More strongly still, the dividend distribution policy provides key indicators for the company’s future health. A survey by Robert Arnott and Clifford Asness on the companies comprising the S&P 500 proves that the higher the payout ratio (the proportion of earnings paid out as dividends to shareholders), the greater their real growth in earnings will be in the coming years (and vice versa). This can be explained by the directors’ level of confidence as, having detailed inside information, they model the payout ratio according to future prospects. This survey invalidates the widely held view that an extremely high reinvestment of earnings (and therefore a low payout ratio) necessarily leads to higher future growth. Each to their own The dividend also offers institutional or private investors the freedom to reinvest it how they want without having to sell shares. They can put it back into the company from which it came, into other companies, or hold it as cash for prudence or any other reason.
Dividends do not lie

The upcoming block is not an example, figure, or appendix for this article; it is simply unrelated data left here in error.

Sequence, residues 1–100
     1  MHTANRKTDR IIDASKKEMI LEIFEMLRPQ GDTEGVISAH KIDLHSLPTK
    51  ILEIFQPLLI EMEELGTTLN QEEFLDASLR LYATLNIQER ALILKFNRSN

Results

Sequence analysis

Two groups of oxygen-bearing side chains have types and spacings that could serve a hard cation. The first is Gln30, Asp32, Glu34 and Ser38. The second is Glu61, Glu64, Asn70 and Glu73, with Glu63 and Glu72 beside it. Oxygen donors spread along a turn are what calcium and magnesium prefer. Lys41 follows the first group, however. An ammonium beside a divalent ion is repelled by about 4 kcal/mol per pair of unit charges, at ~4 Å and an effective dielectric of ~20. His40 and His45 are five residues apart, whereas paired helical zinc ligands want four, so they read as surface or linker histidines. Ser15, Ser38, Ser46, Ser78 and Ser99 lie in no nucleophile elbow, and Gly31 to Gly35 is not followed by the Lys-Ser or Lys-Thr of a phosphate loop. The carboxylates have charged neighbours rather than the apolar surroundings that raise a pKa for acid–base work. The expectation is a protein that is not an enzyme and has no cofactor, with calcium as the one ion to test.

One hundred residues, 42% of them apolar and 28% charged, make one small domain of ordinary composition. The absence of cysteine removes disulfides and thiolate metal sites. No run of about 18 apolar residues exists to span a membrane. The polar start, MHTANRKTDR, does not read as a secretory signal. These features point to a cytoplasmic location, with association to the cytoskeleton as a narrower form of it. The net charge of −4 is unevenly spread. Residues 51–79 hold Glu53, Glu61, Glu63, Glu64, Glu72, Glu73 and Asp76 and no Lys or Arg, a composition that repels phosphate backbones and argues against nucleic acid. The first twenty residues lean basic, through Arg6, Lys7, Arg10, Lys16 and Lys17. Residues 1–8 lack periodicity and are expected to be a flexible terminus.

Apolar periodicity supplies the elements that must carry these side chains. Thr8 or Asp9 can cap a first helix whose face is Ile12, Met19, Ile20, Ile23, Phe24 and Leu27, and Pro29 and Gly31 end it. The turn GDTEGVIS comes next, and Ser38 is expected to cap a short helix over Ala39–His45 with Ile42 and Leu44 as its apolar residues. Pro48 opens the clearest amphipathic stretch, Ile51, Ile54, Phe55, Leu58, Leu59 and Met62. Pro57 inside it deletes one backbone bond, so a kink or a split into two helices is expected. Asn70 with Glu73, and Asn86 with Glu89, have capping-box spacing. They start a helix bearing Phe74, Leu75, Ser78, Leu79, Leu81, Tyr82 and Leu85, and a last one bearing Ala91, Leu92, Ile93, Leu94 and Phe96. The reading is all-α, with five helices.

Although investors always look closely at net income, it is a much less reliable indicator than the dividend. Apart from “creative accounting” at some companies (e.g. Enron, Tyco, Parmalat, Lehman Brothers, Olympus, Autonomy, Tesco, …), net income can sometimes be contaminated by other factors that do not necessarily reflect the company’s fundamentals (an evolution in its amortisation and depreciation policy, a change in the level of debt or the cost of debt, a new corporate tax rate, exceptional income, or a plethora of new accounting standards), whereas the dividend represents an outflow of real cash into the pockets of shareholders (large and small alike, which helps aligning their interests).